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Responding Rapidly to Public Health Emergencies Using New Media: Swine Flu

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As many of you know, this week, HHS declared swine flu to be a national public health emergency. At AIDS.gov we’re particularly concerned about this issue because people with compromised immune systems, including those living with HIV/AIDS, are more likely to become ill from diseases like the flu.

New media tools can help support our efforts to deliver public health messages quickly and broadly. We are using those tools to spread the word about the swine flu outbreak and to support the public health community’s response to it. We ask you to join us in this important mission.

A Few Ways to Help

  • Retweet messages Exit Disclaimer coming from the @CDCemergency conversation Exit Disclaimer on Twitter. If you Tweet or Retweet about swine flu, please use the following hash tag: #swineflu Exit Disclaimer.
  • Embed a widget on your website which provides three primary categories of information (general, news about the investigation, and what people can do). This is the English version. A Spanish version will be available soon.
  • Visit the CDC’s frequently asked questions and answers––share them with your colleagues, friends, and family.
  • Subscribe to PandemicFlu.gov’s News Release RSS feed.

This situation challenges those of us working on HIV/AIDS issues to ensure that we understand what these new media tools are and how they can effectively fit into our regular communication and emergency response planning.

Given the importance of our working with the broader public health community on this emergency, we have rescheduled our planned blog post on Personal Health Records (PHRs) for Tuesday, May 5. We hope you’ll join us then for a conversation with Chitra Mohla, from the Office of the National Coordinator for Health Information Technology, to learn more about PHRs and their importance in the HIV community.

Do you have other suggestions of new media resources and/or ways new media could help us communicate information about this (and other) public health emergencies?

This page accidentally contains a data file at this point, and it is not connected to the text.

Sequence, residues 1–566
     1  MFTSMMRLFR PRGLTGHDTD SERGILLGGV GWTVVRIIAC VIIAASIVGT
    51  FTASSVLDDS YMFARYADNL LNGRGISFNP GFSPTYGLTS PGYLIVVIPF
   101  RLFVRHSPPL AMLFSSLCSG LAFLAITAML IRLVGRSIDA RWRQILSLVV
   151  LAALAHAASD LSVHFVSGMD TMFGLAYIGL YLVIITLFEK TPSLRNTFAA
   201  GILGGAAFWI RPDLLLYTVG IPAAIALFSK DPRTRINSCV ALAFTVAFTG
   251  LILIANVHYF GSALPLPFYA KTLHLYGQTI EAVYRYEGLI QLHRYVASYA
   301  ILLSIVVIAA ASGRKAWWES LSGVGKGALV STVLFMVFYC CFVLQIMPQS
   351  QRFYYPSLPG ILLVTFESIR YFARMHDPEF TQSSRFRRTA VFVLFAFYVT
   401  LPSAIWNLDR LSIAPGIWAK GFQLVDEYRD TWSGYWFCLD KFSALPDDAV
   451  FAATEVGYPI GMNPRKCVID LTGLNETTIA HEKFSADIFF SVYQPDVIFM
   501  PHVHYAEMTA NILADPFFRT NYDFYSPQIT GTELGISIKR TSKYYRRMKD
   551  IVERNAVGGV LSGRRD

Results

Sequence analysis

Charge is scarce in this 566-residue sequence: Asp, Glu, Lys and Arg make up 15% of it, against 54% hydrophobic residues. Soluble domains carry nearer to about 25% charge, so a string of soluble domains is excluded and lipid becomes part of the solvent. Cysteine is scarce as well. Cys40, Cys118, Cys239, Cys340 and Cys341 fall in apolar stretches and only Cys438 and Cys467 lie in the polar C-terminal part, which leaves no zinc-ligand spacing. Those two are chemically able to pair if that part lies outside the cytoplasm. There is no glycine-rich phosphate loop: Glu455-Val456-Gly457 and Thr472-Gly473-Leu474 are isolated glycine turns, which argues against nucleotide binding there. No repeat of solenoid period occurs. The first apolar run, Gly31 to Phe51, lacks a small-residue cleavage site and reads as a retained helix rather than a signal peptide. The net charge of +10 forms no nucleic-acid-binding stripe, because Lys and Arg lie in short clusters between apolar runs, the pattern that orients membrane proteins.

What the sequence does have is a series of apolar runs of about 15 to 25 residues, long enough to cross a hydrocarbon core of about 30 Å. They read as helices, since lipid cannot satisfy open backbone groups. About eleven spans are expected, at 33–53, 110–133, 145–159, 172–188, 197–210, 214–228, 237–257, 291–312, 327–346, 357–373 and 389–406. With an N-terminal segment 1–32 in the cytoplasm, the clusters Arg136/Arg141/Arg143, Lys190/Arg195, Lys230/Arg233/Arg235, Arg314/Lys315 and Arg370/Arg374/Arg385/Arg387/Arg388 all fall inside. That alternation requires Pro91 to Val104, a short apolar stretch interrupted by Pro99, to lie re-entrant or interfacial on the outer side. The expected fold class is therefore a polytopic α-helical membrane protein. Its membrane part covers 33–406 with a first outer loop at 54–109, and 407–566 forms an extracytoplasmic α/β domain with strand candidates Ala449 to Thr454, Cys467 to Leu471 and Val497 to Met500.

Note: According to the Centers for Disease Control and Prevention, the swine flu virus is transmitted the same way other flu viruses are spread and can be prevented by taking similar precautions, like washing your hands and covering your nose and mouth when you cough or sneeze.

Comments

  1. I really think you hit the nail on the head. Twitter is the most powerful tool currently. With the help of your followers and re-tweets, its pretty easy to spread the message faster than any other social network.

  2. Swine Flue affects the whole nation. I really feel bad about this issue. I hope government can find the best solution to this problem. You have good idea to use media for spreading the words about it.

  3. The importance of vaccine and preparedness has become more obvious in wake of the “swine flu virus”. The CDC has developed a healthcare hand book to help combat a variety of Vaccine Preventable Diseases.
    The CDC’s Epidemiology and Prevention of Vaccine-Preventable Diseases, 11th Edition (The Pink Book) – Just Released!
    The new, 11th edition of the Centers for Disease Control and Prevention’s (CDC) Epidemiology and Prevention of Vaccine Preventable Diseases (The Pink Book) is now available from the Public Health Foundation (PHF). “The Pink Book” provides physicians, nurses, nurse practitioners, physician assistants, pharmacists, and others with comprehensive information on vaccine-preventable diseases. The new 11th edition contains the latest information and updates on immunization, including:
    Revised principles of vaccination
    Updated recommendations on immunization
    New immunization strategies for healthcare practices and providers
    Guidelines on vaccine safety
    This essential resource is now available for ordering online by visiting the PHF online store at http://bookstore.phf.org. Ordering via mail, phone, fax, and purchase order is also available by calling PHF toll-free at (877)252-1200 for full instructions.

  4. as far as i know, transmission of swine influenza virus from pigs to humans is not common and properly cooked pork poses no risk of infection. When transmitted, the virus does not always cause human influenza and often the only sign of infection is the presence of antibodies in the blood, detectable only by laboratory tests. When transmission results in influenza in a human, it is called zoonotic swine flu. People who work with pigs, especially people with intense exposures, are at risk of catching swine flu.

  5. So long as you realize that new media’s ability to communicate is the same ability to fuel hysteria, and that clarity in communications is necessary, this is all correct.
    Of course information about AIDS should be spread as much as possible to combat ignorance. But misinformation IS another form of ignorance after all.

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